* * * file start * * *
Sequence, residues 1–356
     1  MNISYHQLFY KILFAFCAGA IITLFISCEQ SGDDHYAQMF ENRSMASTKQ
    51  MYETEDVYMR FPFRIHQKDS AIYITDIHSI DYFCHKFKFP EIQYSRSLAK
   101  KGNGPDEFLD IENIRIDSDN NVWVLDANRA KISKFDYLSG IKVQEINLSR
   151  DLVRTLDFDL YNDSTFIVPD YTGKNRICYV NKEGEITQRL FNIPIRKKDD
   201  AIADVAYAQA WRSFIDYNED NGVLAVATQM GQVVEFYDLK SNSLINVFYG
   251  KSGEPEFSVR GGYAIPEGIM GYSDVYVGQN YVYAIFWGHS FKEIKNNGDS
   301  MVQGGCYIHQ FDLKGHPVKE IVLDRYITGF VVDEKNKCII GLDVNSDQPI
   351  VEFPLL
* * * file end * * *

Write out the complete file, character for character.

Sequence, residues 1–356
     1  MNISYHQLFY KILFAFCAGA IITLFISCEQ SGDDHYAQMF ENRSMASTKQ
    51  MYETEDVYMR FPFRIHQKDS AIYITDIHSI DYFCHKFKFP EIQYSRSLAK
   101  KGNGPDEFLD IENIRIDSDN NVWVLDANRA KISKFDYLSG IKVQEINLSR
   151  DLVRTLDFDL YNDSTFIVPD YTGKNRICYV NKEGEITQRL FNIPIRKKDD
   201  AIADVAYAQA WRSFIDYNED NGVLAVATQM GQVVEFYDLK SNSLINVFYG
   251  KSGEPEFSVR GGYAIPEGIM GYSDVYVGQN YVYAIFWGHS FKEIKNNGDS
   301  MVQGGCYIHQ FDLKGHPVKE IVLDRYITGF VVDEKNKCII GLDVNSDQPI
   351  VEFPLL